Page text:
Supernatural S13E17 Review: The Thing

Dean Sandy Sam Supernatural The Thing“The Thing” reminds us that monsters come in all forms on Supernatural. Director John Showalter and writer Davy Perez create a Lovecraftian horror story replete with hooded figures, a deceptive threat, and an interdimensional rift. Oh, and did we mention, there’s tentacles? Supernatural’s “The Thing” takes a side trip into Men of Letters history, while former British Man of Letters Ketch takes one for the team.

Throughout Season 13 Sam (Jared Padalecki) and Dean Winchester (Jensen Ackles) have been focused on getting back to the apocalypse universe to rescue their mom, and now Jack. Though almost every story that takes place in the prime universe connects to this narrative, it’s the standalone episodes that have worked the best in Season 13. Perhaps because the Winchester angst has inexplicably volleyed from Dean to Sam, and Castiel himself seems confused about his purpose this season, Supernatural feels most grounded when the boys are out hunting, even if it is for an ingredient to a spell. Sam and Dean on the road is classic Supernatural. Yet, we’ve become so used to the third “Winchester,” it’s hard not to get distracted by the angel’s absence without it being explained.

Flapper Freedom

Though we like the bunker, we’ve never been big fans of stories about the Men of Letters, American or British. Yet, “The Thing” uses the Men of Letters as a backdrop to what is clearly a monster story. The misanthropy of a discredited Man of Letters reveals the interplay of arrogance and honor of the group and their descendants. The Rhode Island chapterhouse, filled with supernatural symbols, piles of books, and abandoned pictures, creates an eerie setting for the first part of “The Thing.”

The chapterhouse is contrasted with Krispy’s Diner, a seemingly wholesome restaurant where the waitress gives strangers nicknames and young people flirt. The Men of Letters arrive at the diner in their hooded gear, creating a whole lot more hubbub than was probably necessary. When Sam is captured, an angry Dean provides arguably the best line of the episode: “They took my brother. I’m going to get him back.” Despite the intensity of the delivery, the story doesn’t create any action to back it up because it’s quickly revealed that neither Sandy nor the hooded figures are what they seem.

Sandy’s sinister nature is confirmed when a tentacle comes out of her mouth. Whoa! Creepy work, Supernatural! After she feeds, she’s ready for the next step. She takes Dean back to the chapterhouse to become her mate’s host because, “I like you, Dean. You’re strong, and I enjoy looking at your face.” You’re singing to the choir, Sandy. Dean references Ghostbusters when he tells her, “I don’t know what kind of kinky gatekeeper-keymaster thing you’ve got going on there, but I think I’ll pass.” We only get a glimpse of her mate and his many tentacles before the otherworldly monsters are vanquished by the Winchesters and their new friends.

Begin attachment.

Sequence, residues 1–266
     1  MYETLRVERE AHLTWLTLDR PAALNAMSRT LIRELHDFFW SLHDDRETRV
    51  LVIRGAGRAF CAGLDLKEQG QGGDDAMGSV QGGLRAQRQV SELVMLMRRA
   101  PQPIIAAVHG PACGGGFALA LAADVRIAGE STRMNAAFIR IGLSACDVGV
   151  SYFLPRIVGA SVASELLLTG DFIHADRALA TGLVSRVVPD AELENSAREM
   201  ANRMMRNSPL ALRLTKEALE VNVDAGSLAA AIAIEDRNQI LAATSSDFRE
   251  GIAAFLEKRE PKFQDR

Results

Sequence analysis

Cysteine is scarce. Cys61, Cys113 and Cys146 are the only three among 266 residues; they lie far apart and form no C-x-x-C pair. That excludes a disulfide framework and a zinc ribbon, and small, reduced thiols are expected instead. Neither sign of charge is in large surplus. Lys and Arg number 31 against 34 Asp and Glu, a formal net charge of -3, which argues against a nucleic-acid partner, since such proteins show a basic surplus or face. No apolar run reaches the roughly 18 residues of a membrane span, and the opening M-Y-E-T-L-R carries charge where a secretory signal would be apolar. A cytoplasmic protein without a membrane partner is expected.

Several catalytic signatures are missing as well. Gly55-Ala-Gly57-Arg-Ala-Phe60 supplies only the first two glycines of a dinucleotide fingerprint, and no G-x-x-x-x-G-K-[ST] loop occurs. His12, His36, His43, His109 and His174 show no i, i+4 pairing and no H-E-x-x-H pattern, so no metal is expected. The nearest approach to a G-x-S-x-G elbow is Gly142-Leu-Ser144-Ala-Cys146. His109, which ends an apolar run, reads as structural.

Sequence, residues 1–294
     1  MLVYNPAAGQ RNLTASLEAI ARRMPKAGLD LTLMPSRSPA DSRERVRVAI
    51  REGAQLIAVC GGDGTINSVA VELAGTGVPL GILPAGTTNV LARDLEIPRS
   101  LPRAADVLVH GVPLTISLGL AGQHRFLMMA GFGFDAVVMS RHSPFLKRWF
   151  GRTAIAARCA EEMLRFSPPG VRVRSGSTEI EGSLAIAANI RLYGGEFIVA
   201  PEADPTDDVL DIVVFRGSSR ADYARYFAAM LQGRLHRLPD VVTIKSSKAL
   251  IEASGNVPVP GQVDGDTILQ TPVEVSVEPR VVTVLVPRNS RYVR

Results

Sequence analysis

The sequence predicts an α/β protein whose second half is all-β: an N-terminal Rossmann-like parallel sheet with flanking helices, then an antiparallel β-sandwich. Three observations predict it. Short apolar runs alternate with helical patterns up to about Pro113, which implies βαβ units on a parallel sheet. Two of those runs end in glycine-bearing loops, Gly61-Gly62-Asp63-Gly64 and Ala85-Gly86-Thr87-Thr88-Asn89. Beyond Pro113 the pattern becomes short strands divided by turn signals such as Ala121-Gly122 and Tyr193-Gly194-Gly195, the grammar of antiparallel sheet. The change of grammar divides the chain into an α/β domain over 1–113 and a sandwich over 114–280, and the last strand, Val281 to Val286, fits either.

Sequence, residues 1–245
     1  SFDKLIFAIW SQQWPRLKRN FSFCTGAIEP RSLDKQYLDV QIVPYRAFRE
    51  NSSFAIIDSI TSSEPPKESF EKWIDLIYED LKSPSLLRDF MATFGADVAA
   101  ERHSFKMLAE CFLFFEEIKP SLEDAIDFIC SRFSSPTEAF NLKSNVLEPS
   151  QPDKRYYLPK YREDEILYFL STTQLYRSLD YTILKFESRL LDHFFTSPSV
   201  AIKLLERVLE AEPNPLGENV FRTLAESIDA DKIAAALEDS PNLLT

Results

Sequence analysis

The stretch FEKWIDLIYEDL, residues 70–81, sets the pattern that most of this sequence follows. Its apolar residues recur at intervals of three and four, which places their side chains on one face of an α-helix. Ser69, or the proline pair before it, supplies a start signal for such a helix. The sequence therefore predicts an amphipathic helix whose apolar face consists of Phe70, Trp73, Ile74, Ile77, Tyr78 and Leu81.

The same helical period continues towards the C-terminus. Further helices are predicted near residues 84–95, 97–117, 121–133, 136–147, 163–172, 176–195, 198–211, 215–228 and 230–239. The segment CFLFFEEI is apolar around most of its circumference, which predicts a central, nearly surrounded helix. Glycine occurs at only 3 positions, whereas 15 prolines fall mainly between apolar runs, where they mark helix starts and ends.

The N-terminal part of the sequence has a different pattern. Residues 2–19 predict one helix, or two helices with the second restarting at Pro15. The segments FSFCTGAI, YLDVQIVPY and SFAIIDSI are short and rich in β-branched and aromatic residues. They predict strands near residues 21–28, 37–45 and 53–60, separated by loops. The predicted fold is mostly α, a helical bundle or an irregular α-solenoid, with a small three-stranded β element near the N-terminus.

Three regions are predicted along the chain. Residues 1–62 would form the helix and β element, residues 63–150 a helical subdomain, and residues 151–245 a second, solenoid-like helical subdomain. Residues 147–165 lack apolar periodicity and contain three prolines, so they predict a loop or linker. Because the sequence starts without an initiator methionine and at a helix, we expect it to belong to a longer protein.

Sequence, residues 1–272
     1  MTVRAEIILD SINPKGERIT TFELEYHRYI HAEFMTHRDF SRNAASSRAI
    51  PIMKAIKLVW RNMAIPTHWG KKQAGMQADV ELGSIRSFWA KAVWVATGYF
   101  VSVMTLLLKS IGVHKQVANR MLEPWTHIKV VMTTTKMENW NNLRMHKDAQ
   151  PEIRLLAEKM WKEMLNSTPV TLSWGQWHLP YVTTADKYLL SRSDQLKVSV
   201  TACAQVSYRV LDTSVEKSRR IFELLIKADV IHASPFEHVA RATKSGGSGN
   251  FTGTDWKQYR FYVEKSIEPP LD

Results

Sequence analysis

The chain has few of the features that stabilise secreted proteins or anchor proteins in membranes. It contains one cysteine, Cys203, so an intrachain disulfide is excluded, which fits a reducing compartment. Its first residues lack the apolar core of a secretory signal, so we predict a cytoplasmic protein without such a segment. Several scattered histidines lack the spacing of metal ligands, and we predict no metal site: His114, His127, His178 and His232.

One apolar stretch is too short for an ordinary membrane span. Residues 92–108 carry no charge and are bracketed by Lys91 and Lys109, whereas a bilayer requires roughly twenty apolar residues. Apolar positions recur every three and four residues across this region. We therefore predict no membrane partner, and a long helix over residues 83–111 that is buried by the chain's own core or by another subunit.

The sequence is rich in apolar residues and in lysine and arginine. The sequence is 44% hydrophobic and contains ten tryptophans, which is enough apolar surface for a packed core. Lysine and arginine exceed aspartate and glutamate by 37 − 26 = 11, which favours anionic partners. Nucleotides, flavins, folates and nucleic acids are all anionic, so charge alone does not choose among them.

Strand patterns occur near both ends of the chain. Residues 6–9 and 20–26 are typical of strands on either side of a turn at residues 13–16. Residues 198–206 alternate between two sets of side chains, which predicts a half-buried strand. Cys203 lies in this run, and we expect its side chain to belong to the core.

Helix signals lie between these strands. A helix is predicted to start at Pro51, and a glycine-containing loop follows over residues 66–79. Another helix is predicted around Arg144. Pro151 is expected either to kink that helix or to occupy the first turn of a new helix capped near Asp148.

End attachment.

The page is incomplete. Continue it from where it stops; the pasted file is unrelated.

Emotional Rescue

While the Winchesters are inadvertently rescuing monsters, Arthur Ketch (David Haydn-Jones) is waiting to see Asmodeus (Jeffrey Vincent Parise) at Hell HQ. The head minion gave a comedic performance, including his conversation about how much he loved watching cat videos. Eventually, Ketch walks in on Asmodeus shooting up with angel grace. The Prince of Hell proceeds to humiliate and beat Ketch:

“You say you have this code, this Men of Letters code handed down for centuries, but wait, wait a minute, you work for me. You act like you’re this cold-blooded killer, but you know what I see when I look in your eyes? Fear and regret and pain. I see your chewy middle, boy. You want redemption. But you ain’t never gonna get it. Your kind, our kind, we can’t be redeemed. All we can do is spread our pain around. So no, you won’t know who you are, but I do. Which is why no matter where you go, no matter what you do, you’re mine.”

Out of spite, or possibly as a result of Asmodeus’s psychological manipulation, Ketch decides to rescue a reluctant Gabriel. His breakout of the terrified archangel seems way too easy. Almost like he, or the Winchesters, are being set up. We’re always happy to see Gabriel, whether he’s in Casa Erotica, being impersonated by Metatron, or acting as his Trickster self. But this fearful, muttering, decrepit angel is not the Gabriel we know and love. Let’s hope Cas will return soon to provide the healing touch.

Maybe if Cas had been around, Dean wouldn’t have had to partner up with Ketch as he heads into the rift. We agree with Dean when he says about Ketch, “I don’t care if he dies. Hell, I’m kind of rooting for it.” Besides, Sam and Gabriel together could be fantastic because Sam makes the perfect straight man to the comically gifted.

“The Thing” Review

Supernatural gives us a somewhat muted but funny episode in “The Thing.” The season story arc is finally progressing in a significant way. Dean will head into the apocalypse world, while Sam has some quality time with Gabriel. Will Ketch get that redemption he wants, the death that Dean is rooting for, or both? Who knows what Supernatural will bring next?

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